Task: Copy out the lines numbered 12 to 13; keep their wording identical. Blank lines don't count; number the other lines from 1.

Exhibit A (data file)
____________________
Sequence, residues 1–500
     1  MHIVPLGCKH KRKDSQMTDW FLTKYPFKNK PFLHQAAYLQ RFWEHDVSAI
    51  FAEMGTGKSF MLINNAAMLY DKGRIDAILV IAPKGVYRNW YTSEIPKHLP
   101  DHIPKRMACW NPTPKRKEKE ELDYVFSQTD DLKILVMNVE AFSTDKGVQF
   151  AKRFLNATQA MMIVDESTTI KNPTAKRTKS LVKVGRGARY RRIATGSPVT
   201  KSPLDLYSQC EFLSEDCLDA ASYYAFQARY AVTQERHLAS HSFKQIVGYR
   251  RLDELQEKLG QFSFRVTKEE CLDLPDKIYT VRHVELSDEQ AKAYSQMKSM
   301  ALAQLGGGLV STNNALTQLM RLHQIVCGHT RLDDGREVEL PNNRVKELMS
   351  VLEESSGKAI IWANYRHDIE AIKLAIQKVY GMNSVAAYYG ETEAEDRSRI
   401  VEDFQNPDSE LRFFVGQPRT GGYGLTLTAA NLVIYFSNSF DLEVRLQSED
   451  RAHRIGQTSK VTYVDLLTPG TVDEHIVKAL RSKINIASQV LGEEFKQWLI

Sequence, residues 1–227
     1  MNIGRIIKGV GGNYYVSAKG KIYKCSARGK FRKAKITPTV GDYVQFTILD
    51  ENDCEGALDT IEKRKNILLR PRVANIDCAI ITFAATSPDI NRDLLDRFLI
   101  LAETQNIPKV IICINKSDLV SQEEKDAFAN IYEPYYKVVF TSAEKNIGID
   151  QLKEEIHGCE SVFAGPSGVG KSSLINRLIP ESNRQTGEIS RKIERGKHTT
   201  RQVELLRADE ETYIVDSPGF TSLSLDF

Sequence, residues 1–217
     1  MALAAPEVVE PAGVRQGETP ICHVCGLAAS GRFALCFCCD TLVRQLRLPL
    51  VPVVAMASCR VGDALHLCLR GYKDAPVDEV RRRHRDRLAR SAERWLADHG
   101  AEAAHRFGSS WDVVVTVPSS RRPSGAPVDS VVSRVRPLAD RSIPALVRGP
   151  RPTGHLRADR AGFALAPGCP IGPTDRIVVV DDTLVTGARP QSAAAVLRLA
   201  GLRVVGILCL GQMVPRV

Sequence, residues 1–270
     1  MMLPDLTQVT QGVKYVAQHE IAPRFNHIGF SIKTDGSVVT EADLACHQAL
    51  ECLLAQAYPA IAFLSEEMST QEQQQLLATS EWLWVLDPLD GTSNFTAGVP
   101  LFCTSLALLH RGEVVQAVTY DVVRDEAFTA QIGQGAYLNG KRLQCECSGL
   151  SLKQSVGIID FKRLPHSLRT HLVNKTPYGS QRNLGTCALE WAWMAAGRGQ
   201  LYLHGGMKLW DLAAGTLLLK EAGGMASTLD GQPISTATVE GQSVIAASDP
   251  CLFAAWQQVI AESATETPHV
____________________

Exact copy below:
Sequence, residues 1–227
     1  MNIGRIIKGV GGNYYVSAKG KIYKCSARGK FRKAKITPTV GDYVQFTILD